Starting at the split you made for the zip, carefully pin the waistband to the front of the fabric like so:


Pin the waistband all the way around the smaller circle’s edge, on the “nice” side of the fabric. The top of the waistband should match up with the raw edge of the small circle.

If your waistband is a little bit too short to go all the way around, gather the fabric of the skirt slightly on the smaller circle (just like making a little “pleat”). If the waistband ends up a little bit too long – don’t worry. That’s why you added a little bit extra to your waist measurement!

Once you’ve pinned the waistband onto the skirt all the way around, secure it like this using a straight stitch:


Hopefully, you’ll end up with a pretty seam like this, with the waistband successfully attached to the skirt part:



This might seem like the most daunting part of the whole project, but I promise that it isn’t too difficult to master. As long as you pin your zipper very carefully, you shouldn’t have a problem.

Line your zipper up with the slit you made earlier, fold the raw edge underneath a few centimetres, and pin your fabric onto the zipper (with the “nice” side of the fabric on top of the zipper):


(If you have a keen eye, you may notice that I changed my mind about the zip colour from the previous steps, but it’s still the same length.)

Undo the zipper all the way. Then all you need to do is slowly sew the fabric to the zipper, taking care to remove the pins just before you reach them, and keeping the foot of the sewing machine quite close to the zipper.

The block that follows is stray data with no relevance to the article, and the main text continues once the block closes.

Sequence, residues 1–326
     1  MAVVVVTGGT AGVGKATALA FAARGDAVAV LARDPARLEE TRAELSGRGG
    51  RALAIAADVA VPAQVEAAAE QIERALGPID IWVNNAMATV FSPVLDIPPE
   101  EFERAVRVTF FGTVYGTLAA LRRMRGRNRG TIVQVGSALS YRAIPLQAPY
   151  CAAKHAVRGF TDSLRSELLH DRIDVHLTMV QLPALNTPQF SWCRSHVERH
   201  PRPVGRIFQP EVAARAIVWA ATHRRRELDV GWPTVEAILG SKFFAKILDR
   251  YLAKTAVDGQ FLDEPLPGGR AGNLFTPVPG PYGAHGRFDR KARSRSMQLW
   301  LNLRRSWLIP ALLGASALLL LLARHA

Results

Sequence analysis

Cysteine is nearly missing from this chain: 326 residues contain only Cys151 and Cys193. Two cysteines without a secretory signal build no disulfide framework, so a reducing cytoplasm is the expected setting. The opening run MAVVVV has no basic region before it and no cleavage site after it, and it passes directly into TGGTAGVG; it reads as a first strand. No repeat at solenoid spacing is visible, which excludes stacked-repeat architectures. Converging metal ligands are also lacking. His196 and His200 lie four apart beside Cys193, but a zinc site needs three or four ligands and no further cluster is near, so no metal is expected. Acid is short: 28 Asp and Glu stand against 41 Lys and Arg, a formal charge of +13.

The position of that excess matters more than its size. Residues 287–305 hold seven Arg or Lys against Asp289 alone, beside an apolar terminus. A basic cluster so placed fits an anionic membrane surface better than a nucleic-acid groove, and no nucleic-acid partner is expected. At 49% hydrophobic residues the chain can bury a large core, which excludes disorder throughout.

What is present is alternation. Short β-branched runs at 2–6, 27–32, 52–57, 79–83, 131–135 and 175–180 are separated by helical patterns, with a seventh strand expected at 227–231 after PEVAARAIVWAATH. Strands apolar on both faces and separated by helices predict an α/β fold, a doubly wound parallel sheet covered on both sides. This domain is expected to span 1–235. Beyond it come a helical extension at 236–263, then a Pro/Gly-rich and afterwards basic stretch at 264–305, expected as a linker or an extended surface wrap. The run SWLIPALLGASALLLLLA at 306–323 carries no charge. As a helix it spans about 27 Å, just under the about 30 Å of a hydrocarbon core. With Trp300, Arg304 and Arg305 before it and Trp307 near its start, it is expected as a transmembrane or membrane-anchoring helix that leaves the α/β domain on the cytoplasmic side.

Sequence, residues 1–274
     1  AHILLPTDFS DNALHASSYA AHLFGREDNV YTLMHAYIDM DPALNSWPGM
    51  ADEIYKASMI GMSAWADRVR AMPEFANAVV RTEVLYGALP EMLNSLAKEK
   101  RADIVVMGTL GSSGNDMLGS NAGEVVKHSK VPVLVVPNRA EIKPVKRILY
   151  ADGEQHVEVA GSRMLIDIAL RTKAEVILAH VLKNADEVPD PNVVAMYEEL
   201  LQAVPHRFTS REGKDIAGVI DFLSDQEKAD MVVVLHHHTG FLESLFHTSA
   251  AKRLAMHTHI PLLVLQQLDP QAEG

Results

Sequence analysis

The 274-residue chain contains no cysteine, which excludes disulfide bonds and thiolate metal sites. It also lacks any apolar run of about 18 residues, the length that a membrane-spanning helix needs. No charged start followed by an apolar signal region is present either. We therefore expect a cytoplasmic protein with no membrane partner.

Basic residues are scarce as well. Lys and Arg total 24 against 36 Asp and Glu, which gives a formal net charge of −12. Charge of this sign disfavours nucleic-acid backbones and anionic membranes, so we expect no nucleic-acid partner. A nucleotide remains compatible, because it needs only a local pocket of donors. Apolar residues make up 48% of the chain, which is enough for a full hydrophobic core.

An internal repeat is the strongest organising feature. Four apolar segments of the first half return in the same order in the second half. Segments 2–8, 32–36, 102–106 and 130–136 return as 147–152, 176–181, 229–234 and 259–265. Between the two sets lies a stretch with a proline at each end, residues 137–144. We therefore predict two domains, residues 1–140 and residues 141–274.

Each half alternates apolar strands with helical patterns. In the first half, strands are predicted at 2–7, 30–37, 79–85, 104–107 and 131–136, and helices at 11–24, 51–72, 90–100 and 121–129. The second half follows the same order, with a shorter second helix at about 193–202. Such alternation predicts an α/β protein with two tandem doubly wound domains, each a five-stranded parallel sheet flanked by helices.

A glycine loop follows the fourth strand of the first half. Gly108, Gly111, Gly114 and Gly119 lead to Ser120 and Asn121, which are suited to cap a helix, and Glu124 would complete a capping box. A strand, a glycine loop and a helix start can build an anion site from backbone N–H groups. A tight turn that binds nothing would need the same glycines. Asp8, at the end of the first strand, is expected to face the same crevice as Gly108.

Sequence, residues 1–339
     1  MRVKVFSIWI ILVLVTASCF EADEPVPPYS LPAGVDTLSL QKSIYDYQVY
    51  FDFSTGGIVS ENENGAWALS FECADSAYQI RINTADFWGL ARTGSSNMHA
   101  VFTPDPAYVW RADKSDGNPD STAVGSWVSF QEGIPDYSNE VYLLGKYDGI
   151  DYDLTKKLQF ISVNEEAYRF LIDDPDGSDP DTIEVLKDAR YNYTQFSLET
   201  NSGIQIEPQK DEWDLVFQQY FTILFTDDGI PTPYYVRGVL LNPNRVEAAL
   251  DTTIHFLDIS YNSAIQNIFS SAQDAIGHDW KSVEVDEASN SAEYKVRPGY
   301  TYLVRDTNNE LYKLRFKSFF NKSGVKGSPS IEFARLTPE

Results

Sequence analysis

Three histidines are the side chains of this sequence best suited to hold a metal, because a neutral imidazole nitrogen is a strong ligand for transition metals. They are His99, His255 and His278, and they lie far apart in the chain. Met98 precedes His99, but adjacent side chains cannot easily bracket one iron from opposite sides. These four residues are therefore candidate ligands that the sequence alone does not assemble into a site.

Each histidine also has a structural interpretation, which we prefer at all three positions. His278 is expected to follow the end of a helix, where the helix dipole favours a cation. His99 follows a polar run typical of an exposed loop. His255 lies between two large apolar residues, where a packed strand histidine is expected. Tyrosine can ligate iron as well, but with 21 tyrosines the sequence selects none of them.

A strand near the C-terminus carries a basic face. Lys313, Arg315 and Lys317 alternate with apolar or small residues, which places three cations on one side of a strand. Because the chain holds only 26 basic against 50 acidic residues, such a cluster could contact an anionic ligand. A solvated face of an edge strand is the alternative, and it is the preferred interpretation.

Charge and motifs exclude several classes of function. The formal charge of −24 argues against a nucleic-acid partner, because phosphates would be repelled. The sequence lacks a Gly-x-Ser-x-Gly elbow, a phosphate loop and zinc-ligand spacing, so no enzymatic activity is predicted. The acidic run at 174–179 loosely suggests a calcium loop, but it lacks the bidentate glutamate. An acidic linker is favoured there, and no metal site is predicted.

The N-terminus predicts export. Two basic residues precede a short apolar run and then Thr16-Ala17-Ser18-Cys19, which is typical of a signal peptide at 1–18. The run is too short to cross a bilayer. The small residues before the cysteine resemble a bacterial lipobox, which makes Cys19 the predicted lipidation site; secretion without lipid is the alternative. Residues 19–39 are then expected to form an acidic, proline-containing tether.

When you get to the bottom where the zip is, lift the foot and carefully do the zip back up, then continue on sewing. Do the same for the other side.



You’re very nearly done. And if your fabric doesn’t fray easily, then you don’t even need to bother with the next step!


If your fabric frays, you will need to hem the bottom of your skirt. Hemming a circle skirt takes a bit of patience and practice!

Fold the bottom edge of the skirt up a few centimetres, and keeping the fabric very taut, sew slowly along. You will need to stop and readjust the fabric every 10 centimetres or so – because it is a circle shape, it will try and slip away from you! It will probably bunch up a little bit, but don’t worry about that – just try and keep the fabric folded over the same distance all the way around.


Guess what – you’re done! Enjoy swishing around in your new circle skirt and the satisfying feeling that comes from making your own clothes.

Annika Victoria Annika Victoria is both a science student and a fashion-blogger from Sydney. She has great aspirations of curing all disease and one day winning the Nobel Prize, but also gets great pleasure from wearing a pretty dress and making her own clothes. She wants to be the next Brian Cox, and is super passionate about getting young women interested in science. She blogs about fashion alongside science in an attempt to dismantle stereotypes about both on her blog The Pineneedle Collective.